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Dominican Republic

Ensuring Women Follow the Money: Gender Barriers in Extractive Industry Revenue Accountability in the Dominican Republic and Zambia

Citation:

Jayasinghe, Namalie, and Maria Ezpeleta. 2019. "Ensuring Women Follow the Money: Gender Barriers in Extractive Industry Revenue Accountability in the Dominican Republic and Zambia." The Extractive Industries and Society, April 15, 2019. https://doi.org/10.1016/j.exis.2019.04.003

Authors: Namalie Jasyasinghe, Maria Ezpeleta

Abstract:

Social accountability initiatives (SAIs) can be important to help push for oil, gas, and mining revenues to go to communities impacted by extractive industries (EI). Local investments in targeted services and programs can improve development outcomes and address negative impacts caused by EI. Ensuring that women and women’s rights organizations (WROs) are part of SAIs is likewise crucial, without which investments financed by EI revenues may not reflect the needs and interests of women, missing an opportunity to advance women’s rights and gender equality. This article shares preliminary results from a project that involves: (1) research exploring a women’s rights approach to SAIs on EI revenue transparency; and (2) program activities intended to foster joint agenda-setting between WROs and EI revenue transparency civil society organizations (EITCSOs) that distinctly focus on advancing women’s rights. Initial findings suggest that addressing structural barriers to women’s participation, such as socio-cultural norms, women’s lack of ownership of land and resources, gender-insensitive consultation processes, inaccessibility of information, and women’s lack of awareness of their rights, in SAIs related to EI revenue transparency could improve women’s agency. Through this project, WROs and EITCSOs are building advocacy agendas that respond to these barriers to promote women’s rights.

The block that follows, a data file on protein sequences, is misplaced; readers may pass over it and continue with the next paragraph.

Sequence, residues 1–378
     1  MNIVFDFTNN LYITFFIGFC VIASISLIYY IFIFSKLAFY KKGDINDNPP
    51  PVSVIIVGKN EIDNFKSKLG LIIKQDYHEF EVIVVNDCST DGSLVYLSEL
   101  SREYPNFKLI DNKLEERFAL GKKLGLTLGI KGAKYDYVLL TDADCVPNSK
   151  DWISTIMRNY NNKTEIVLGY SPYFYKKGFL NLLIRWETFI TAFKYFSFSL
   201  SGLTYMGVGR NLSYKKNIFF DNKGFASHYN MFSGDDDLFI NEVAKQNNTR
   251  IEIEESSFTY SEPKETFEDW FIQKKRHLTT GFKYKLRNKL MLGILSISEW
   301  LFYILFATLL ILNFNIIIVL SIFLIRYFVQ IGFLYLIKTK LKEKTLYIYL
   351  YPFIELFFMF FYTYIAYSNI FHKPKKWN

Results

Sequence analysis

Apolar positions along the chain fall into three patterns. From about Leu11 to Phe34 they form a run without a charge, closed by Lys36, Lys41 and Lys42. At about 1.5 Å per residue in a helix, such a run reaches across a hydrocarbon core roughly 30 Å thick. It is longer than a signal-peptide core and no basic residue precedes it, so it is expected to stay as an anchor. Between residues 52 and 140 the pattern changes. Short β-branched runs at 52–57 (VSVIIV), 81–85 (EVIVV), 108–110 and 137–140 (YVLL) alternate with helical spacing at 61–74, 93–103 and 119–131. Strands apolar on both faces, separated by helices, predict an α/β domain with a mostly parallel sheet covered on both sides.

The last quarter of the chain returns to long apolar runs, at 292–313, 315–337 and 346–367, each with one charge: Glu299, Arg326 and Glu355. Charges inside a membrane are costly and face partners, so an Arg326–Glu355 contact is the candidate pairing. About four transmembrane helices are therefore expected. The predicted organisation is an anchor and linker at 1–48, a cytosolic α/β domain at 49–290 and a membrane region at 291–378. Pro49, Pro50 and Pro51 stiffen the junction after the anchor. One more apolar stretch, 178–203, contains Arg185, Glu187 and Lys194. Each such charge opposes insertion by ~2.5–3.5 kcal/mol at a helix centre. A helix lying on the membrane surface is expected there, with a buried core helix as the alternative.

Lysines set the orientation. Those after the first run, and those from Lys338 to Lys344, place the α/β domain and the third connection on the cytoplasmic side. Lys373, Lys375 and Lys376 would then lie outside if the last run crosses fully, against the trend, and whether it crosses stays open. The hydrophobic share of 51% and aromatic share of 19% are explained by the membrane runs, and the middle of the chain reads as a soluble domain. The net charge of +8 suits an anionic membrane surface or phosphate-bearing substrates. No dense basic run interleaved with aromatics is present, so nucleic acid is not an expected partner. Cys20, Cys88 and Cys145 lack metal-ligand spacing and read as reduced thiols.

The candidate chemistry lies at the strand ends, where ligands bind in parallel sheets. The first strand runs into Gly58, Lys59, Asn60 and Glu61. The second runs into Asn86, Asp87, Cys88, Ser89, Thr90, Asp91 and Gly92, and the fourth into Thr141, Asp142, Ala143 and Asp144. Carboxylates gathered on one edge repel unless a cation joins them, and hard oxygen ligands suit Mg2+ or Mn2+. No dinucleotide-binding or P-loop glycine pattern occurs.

Keywords: gender, women's rights organizations, social accountability, revenue, extractive industries, Dominican Republic, Zambia, transparency

Topics: Extractive Industries, Gender, Women, Gendered Discourses, International Organizations, Rights, Women's Rights Regions: Africa, East Africa, Americas, Caribbean countries Countries: Dominican Republic, Zambia

Year: 2019

New Plantations, New Workers: Gender and Production Politics in the Dominican Republic

Citation:

Raynolds, Laura T. 2001. “New Plantations, New Workers: Gender and Production Politics in the Dominican Republic.” Gender and Society 15 (1): 7–28.

Author: Laura T. Raynolds

Abstract:

This study analyzes the gendered nature of recent production and labor force restructuring in the Dominican Republic. Using a longitudinal case study of work relations on a large transnational corporate pineapple plantation, the author explores the production politics involved in the initial corporate attempt to create a wage labor force and the subsequent replacement of employees with contracted labor crews. She demonstrates how female, and then male, labor forces were negotiated in this process and how labor relations became embedded in local gendered institutions. The study reveals how workforces and spheres of work are constituted through struggles over gender, as well as ethnicity and class, in intersecting arenas linking the local community to the global economy. In this case, gender proves critical in shaping both worker identity and the shifting scope and form of resistance to plantation practices.